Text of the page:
Ashes, one of the highest-profile and most successful comics projects to emerge from Kickstarter, hit a stumbling block over the weekend with the announcement by writer Alex de Campi that she and collaborator Jimmy Broxton “have had an irreconcileable split over creative differences,” leading her to ask the artist to leave the graphic novel.
On his Facebook page, Broxton (aka James Hodgkins) was more blunt, writing, “Jimmy Broxton has been fired, and his services are no longer required on the Ashes Kickstarter graphic novel project. I’m incredibly sorry that this has happened, and feel strongly that a lot of people who have shown tremendous support (to say nothing of actually giving money to pre order the book) are being let down. I acted in good faith, you all acted in good faith, this is a mess, make no mistake.”
That of course raises the question of what happens when a crowd-funded comic — Ashes exceeded its goal with pledges of $32,455 — loses one of its creators. De Campi was quick to address that, writing in an update to backers that she would refund money to those who donated because of Broxton’s involvement, or to anyone who has been soured by their split.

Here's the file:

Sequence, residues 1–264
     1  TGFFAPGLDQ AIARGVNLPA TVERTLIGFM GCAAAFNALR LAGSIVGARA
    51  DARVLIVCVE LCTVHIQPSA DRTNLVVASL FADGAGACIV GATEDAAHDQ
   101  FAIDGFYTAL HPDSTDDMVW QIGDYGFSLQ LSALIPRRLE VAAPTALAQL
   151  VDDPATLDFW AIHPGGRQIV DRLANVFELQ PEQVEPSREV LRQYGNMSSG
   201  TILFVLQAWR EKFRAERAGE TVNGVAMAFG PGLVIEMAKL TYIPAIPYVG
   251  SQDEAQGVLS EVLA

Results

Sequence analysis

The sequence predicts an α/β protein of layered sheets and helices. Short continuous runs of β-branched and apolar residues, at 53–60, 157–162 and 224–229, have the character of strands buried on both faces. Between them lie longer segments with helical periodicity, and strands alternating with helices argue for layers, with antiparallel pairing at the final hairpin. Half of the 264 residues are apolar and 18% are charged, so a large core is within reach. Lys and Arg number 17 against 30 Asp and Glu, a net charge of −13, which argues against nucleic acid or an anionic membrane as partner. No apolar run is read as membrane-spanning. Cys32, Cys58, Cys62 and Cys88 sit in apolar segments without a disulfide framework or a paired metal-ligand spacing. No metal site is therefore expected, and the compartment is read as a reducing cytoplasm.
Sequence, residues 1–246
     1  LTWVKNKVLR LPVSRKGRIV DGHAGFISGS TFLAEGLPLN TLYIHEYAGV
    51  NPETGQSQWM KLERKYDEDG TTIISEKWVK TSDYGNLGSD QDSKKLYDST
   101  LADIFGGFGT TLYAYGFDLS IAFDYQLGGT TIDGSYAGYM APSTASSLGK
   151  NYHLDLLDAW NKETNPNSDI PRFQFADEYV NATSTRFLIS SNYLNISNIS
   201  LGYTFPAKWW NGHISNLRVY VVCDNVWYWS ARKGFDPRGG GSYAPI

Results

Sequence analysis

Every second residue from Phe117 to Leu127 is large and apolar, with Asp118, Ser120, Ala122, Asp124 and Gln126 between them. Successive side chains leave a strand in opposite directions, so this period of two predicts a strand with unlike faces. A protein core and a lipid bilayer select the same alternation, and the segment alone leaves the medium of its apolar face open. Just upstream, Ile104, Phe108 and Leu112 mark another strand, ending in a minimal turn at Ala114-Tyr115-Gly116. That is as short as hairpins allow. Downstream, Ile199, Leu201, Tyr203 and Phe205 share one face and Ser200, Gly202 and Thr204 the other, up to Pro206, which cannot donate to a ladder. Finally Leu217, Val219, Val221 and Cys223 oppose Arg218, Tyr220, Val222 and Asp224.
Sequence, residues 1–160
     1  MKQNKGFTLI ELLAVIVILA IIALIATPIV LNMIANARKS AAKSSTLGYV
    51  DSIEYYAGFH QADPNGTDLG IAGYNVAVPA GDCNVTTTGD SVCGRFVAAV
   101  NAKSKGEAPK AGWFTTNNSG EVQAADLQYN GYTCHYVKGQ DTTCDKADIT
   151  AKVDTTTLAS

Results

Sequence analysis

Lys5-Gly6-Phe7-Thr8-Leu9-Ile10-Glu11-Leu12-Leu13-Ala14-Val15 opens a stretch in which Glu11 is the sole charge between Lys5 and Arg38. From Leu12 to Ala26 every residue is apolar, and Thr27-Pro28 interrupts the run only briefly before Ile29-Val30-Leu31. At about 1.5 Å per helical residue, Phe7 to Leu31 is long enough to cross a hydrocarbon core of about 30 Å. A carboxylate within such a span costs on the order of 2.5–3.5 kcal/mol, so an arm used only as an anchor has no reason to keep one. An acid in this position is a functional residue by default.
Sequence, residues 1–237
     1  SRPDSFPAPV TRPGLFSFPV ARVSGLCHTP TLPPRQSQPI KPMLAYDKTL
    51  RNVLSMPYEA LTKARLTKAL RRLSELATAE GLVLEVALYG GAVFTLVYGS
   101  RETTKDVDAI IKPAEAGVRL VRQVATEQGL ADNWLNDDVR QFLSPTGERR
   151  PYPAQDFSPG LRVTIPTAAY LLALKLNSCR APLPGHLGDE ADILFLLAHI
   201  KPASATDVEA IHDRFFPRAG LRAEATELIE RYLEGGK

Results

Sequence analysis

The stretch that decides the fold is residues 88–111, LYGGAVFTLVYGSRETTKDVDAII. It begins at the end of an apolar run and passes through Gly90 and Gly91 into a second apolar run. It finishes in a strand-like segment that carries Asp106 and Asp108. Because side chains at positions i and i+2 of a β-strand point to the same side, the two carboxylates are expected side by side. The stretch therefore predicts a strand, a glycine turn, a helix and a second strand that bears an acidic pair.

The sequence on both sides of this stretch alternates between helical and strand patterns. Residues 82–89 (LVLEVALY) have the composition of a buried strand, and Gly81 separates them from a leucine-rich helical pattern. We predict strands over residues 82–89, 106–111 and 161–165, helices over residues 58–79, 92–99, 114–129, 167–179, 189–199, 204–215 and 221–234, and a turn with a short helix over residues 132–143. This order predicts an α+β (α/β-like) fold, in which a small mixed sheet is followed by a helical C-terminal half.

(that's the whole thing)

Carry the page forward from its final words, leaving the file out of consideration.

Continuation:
“Likewise, once I find a new artist, if his or her work is not a style you like, you may also contact me and be immediately refunded for your pledge,” she continued. “Folks, I am so committed to making this book. I am so sorry for this drama, and I hope you will find it in your heart to bear with me for a little longer while I straighten this out. Please be aware that the money you have pledged is still YOUR money (none of it was ever going to me anyway, it was all for art and print/reward fulfilment) and I will be respectful of your wishes as to where it will go.”
In a later update, de Campi also addressed specific questions about the amount of completed art for the project (“only what you see here on the Kickstarter”), whether Broxton will be compensated for his work (“Absolutely”), and the search for his replacement (“I haven’t even begun to look”).